There’s something terribly thrilling about a character stranded in a lifeboat, adrift on the perpetual sea. It’s a simple device, yet it contains the potential for all manner of tragedies and comedies, and so often with a necessarily limited number of characters to play out the action. Inside of these stories, the paltry refuge of a lifeboat becomes a metaphor for the world at large, and the characters within tend to serve as archetypes of our basest motives. The idea present in nearly all of these stories is simple: only when we are faced with our own mortality can we come to truly know ourselves. While this notion isn’t unique to the “lifeboat” story, it is rarely depicted with such purity. In Life of Pi, this conceit bears up most of the film, pitting the titular Pi against a Bengal tiger named Richard Parker, as they cling to life and hope, and to each other.
Piscine Molitor Patel (Suraj Sharma)–known simply as Pi–is a boy on a quest for truth. As a child he adopts religions like stuffed animals, choosing elements of each over the entirety of one. When Pi is a teenager, his father decides the time has come to leave India behind, along with their family zoo, and the menagerie they’ve come to love. On their way to Canada, the boat meets a massive, almighty storm, and Pi finds himself stranded on a lifeboat with the zoo’s Bengal tiger, surrounded by horizons. While the situation itself is plenty harrowing, it is made even more so by the hungry, choleric tiger and their cramped confines. Pi recognizes that feeding the tiger is the only thing keeping him from becoming tiger food, and exhausts himself seeing to their shared well being. A constant foraging that provides Pi an endurance he might not have otherwise, and in turn shelters him from despair. In a simple twist of fate, Pi’s ferocious enemy becomes the most important friend he will ever have.
Similarly to 2011’s Hugo, Life of Pi blurs the line between adult and children’s fare, juxtaposing real existential crisis with an adolescent protagonist and cheerful palette. Unlike Hugo, there’s far less line-riding as Pi progresses. What begins with a borderline Disney-fied prologue ends in an awfully dark place, and this progression leaves you feeling disoriented. This has a good deal to do with the film’s conclusion, which is at once powerful and puzzling. It is the film’s grand reveal, a revelation that plays out like a riddle. A riddle which, yes, can be unlocked, but one that also seems to suggest that there can be parallel versions of truth, or that the absolute truth doesn’t matter. While this certainly qualifies as an interesting notion, it isn’t exactly infallible.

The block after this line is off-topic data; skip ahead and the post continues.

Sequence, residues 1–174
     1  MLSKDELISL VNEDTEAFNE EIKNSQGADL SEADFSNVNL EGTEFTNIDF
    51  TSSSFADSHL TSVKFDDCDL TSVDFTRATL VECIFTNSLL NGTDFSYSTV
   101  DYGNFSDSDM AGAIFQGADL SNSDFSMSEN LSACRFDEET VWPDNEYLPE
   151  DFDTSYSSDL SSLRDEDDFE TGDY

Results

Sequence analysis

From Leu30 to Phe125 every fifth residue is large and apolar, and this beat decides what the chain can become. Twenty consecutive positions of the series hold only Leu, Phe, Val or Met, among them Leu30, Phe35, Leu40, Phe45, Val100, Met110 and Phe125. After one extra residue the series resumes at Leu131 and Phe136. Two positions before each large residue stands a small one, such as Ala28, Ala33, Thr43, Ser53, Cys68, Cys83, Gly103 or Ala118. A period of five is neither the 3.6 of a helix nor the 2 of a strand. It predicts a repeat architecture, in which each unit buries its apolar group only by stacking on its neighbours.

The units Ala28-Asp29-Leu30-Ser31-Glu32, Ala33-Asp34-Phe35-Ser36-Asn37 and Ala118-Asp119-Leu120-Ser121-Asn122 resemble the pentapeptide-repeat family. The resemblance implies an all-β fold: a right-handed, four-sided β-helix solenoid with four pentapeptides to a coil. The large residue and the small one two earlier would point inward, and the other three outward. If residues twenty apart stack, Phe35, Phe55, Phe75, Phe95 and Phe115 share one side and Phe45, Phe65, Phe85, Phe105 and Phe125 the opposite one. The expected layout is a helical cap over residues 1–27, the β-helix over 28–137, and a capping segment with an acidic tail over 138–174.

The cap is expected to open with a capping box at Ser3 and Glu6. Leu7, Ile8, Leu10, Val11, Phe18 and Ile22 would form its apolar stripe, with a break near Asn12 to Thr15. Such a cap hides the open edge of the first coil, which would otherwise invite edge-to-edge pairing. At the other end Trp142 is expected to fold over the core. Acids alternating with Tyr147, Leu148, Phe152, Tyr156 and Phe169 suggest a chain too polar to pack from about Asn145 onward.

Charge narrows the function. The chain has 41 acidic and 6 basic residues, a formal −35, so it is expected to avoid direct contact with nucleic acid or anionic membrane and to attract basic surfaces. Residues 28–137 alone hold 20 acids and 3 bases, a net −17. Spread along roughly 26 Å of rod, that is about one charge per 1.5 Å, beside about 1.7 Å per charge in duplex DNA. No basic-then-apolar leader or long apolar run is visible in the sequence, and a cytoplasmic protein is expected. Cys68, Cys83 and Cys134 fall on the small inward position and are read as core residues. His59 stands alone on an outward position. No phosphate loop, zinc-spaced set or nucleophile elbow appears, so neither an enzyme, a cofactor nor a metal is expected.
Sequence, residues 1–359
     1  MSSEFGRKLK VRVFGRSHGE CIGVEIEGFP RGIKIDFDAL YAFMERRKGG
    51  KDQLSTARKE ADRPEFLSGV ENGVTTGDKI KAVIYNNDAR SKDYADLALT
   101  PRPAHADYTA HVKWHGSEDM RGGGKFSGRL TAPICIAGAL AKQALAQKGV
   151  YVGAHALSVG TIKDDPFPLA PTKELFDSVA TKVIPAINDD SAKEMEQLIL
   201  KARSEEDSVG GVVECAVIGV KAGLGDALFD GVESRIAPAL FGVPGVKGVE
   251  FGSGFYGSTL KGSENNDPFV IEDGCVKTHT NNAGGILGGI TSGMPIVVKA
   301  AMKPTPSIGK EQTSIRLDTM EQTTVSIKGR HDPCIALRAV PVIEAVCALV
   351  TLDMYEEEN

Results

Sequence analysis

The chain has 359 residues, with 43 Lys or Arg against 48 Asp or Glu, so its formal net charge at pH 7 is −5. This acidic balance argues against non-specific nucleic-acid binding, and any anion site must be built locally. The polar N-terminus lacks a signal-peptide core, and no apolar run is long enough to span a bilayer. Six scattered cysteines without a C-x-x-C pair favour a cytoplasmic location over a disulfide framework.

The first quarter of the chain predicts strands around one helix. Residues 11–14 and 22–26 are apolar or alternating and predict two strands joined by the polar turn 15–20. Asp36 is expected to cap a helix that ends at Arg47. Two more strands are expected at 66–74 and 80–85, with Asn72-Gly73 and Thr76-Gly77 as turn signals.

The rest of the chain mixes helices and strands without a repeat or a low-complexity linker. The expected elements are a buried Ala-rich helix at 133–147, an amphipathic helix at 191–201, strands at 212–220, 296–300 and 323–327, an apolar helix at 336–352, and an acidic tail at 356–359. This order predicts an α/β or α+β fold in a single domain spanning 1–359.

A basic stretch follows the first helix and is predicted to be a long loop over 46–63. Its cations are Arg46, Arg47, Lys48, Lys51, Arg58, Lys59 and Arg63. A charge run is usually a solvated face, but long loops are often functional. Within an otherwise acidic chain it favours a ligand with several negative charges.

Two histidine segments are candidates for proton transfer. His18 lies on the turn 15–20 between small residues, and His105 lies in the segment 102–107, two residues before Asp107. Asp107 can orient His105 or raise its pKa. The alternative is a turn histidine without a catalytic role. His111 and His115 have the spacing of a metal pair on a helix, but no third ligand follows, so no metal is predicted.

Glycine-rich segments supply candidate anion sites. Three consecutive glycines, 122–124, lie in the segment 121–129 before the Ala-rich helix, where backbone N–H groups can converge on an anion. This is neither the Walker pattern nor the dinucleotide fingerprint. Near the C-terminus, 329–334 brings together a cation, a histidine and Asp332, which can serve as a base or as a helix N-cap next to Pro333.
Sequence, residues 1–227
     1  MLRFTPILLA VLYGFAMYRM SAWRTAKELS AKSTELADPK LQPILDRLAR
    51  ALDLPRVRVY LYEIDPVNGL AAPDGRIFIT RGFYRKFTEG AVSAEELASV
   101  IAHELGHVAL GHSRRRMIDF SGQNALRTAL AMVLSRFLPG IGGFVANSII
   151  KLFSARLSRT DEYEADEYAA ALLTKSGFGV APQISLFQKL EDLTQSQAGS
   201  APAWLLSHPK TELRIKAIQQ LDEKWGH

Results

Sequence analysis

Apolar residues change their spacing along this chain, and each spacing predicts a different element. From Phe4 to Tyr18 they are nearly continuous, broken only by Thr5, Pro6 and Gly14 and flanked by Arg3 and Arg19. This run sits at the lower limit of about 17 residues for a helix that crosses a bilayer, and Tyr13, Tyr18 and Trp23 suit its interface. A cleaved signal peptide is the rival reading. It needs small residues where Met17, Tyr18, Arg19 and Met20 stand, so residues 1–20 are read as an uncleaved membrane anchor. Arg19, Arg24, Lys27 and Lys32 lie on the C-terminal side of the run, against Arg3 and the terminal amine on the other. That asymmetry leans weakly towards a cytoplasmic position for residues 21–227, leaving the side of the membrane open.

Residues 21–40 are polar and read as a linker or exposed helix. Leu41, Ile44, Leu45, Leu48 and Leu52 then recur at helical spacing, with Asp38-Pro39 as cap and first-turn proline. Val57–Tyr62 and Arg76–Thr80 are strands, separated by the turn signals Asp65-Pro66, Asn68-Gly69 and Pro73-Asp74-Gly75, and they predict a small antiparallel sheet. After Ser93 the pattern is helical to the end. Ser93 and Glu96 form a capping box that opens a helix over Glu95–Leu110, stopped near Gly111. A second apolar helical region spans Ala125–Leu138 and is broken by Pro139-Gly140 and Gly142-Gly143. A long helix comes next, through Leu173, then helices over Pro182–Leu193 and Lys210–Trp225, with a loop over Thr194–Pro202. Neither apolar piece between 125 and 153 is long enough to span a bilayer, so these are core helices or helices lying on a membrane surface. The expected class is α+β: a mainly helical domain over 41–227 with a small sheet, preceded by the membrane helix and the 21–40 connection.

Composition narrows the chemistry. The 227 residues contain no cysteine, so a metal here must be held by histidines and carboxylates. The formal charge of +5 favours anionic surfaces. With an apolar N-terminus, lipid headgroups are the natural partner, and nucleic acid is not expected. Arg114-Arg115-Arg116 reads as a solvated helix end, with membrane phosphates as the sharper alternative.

Keeping the film afloat is the direction from Ang Lee, whose confidence in creating this occasionally anagogic world is felt in every frame. Similar to, again, Martin Scorcese and Hugo, much of Ang Lee’s motivation seems borne of his first foray into 3D, with at least a few moments composed entirely to show off the technology. These moments aren’t distracting, and in general the 3D is subdued enough to be almost forgettable, but there’s a visual alchemy at the heart of every moment that feels like nothing so much as inspiration; particularly the sequence wherein the family’s shipping vessel sinks, and Pi finds himself alone in the midst of a biblical storm. Without diminishing the terror of the reality, Lee composes an almost entirely CGI spectacle of extraordinary scale, guaranteed to leave you breathless. It’s clear throughout the film that Ang Lee is eager to create arresting visual moments, and in the midst of weaving a considerable tale, he does so expertly.
Whether or not this tale makes its way into your heart is another matter. Despite the dexterous direction, despite the visual journey, despite even the strong performance from Sharma, Life of Pi simply didn’t grab hold of me the way it should have. A lazy script with far too much narration and pointed exposition could certainly be the culprit, though my apathy feels more nebulous than any one problem. This simply feels like a film that doesn’t have much going on behind the eyes. Allegories can be wildly effective when handled the right way, but they can just as quickly leave you feeling deceived and frustrated. In this case, for this reviewer, Life of Pi resulted in the latter.